Although example two is less common, there may be circumstances in which it may be advisable to afford shareholders limited discretion as to whether or not to Staple securities and loans held in and against group companies to Affected Shares.
The judgment by the Western Cape Division of the High Court in the matter Plattekloof RMS Boerdery (Pty) Ltd v Dahlia Investment Holdings (Pty) Ltd and Another (7836/2020)  ZAWCHC is the most recent South African authority on the effect of Package Deals on the position of a holder of pre-emptive rights. The judgment provides valuable insights into the considerations that our courts may deem relevant in relation to disputes on the subject matter.
In the Plattekloof case, the court was confronted with a dispute in which the owner of a farm comprising eight registered portions wished to dispose of all eight portions as one indivisible transaction to a third-party purchaser. The applicant in the matter leased two of the eight portions from the owner, and in terms of a lease agreement between the parties, the applicant was granted a pre-emptive right in respect of the two leased portions. The primary question in this case was the determination of the applicant’s position in terms of the pre-emptive rights clause when the pre-emptive property became the subject of an offer to purchase or a contract of sale as an integral part of a larger package.
Without going into the facts and ratio decidendi of the Plattekloof case, we have highlighted a few key principles of general application, which may be of assistance in the context of Share Transfer Pre-emptive Rights:
The effect of a Package Deal on the position of the holder of pre-emptive rights, and the remedies available to such person, will ultimately depend on the wording and construction of the particular pre-emptive right provisions.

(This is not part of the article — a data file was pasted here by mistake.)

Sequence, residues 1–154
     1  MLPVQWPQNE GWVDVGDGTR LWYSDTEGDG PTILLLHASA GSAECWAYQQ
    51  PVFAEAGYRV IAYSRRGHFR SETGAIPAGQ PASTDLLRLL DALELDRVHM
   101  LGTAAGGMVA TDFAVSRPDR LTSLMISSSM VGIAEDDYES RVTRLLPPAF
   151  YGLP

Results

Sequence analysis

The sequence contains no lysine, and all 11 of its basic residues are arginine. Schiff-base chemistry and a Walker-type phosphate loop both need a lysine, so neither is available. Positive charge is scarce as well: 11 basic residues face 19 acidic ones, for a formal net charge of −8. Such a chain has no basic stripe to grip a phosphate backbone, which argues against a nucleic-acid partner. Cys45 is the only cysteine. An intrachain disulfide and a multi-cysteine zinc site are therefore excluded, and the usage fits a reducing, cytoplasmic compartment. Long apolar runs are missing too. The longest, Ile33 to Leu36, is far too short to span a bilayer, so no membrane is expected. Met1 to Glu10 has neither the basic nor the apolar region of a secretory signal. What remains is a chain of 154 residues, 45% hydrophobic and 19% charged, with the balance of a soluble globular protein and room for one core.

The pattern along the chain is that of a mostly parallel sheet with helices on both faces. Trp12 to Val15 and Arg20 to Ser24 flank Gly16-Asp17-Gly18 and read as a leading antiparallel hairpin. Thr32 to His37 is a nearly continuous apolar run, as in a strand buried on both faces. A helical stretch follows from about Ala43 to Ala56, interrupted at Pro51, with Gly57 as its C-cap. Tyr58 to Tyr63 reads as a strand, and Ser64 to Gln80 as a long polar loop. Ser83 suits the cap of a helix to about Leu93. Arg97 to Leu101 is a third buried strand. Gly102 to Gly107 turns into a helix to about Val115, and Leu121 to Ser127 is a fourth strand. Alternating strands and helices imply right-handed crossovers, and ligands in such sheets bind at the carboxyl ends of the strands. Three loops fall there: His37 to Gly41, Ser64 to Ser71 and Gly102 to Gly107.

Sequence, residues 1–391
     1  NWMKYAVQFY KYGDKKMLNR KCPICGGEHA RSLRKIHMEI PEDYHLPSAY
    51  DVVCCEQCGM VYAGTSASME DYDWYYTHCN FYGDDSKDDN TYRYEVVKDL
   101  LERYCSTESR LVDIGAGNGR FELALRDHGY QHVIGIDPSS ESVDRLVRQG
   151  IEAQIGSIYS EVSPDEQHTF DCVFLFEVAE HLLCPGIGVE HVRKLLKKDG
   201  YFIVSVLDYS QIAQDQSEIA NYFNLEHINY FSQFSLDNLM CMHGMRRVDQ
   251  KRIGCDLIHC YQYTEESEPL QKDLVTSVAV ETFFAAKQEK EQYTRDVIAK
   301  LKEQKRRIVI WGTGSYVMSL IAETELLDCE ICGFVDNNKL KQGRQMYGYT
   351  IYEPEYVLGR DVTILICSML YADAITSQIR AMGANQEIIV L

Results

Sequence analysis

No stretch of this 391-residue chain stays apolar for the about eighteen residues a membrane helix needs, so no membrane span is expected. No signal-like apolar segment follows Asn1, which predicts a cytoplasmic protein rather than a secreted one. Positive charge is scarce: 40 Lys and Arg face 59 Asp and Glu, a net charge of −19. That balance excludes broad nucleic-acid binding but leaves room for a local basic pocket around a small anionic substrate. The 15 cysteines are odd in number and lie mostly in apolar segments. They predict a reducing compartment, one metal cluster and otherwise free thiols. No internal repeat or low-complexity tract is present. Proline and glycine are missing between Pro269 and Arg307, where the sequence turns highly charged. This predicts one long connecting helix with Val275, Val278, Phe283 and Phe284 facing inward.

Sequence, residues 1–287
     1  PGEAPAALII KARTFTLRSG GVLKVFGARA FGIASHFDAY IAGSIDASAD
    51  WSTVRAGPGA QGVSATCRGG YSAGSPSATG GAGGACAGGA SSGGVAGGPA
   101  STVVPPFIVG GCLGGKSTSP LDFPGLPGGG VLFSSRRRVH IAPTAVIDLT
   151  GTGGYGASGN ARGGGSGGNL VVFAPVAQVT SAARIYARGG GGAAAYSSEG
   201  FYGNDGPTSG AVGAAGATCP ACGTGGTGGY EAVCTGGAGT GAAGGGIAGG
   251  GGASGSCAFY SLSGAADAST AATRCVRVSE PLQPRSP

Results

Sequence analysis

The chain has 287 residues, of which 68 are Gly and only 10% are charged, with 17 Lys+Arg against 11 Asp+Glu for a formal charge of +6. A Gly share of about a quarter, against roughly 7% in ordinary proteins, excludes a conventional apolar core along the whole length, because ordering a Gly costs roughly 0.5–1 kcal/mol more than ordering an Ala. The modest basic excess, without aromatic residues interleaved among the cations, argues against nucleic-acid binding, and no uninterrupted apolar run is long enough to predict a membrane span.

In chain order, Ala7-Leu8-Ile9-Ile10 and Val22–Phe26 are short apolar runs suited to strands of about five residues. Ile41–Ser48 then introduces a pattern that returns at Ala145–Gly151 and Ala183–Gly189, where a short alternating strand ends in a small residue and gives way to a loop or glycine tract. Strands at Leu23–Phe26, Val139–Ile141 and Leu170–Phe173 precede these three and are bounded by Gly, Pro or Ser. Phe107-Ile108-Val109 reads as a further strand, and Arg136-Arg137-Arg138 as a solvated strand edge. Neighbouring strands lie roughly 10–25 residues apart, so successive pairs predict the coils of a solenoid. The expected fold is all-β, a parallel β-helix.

A critical question is whether the pre-emptive right provisions impose negative or positive obligations on an Offeror in favour of the holder of the pre-emptive rights?
For example, the court indicated that a negative obligation on an Offeror may take the form of an obligation not to conclude an agreement of sale with a third-party offeror without first offering the pre-emptive property to the holder of the pre-emptive right on the same terms and conditions as the third-party offer. In such a case it is arguable that the holder of the pre-emptive right must consider the entire Package Deal and it may not be justifiable to carve out the pre-emption property from the Package Deal.
An example of a positive obligation would be an obligation on the Offeror to first offer the specific pre-emptive property to the holder of the pre-emptive rights on the terms that the Offeror proposed to dispose of it. In this scenario the holder of the pre-emptive rights will not be bound to consider the entire Package Deal.
The South African jurisprudence relating to the effect of Package Deals on the position of a holder of pre-emptive rights is limited and unlikely to be of meaningful assistance in a dispute with a nuanced factual matrix.
In summary, the decision whether to allow for the Stapling of assets to Affected Shares is a commercial matter that shareholders must decide on. In order to minimise the risk of disputes in respect of Package Deals, shareholders are advised to carefully provide for circumstances in which Package Deals are allowed and the manner in which Offers must be presented to holders of pre-emptive rights.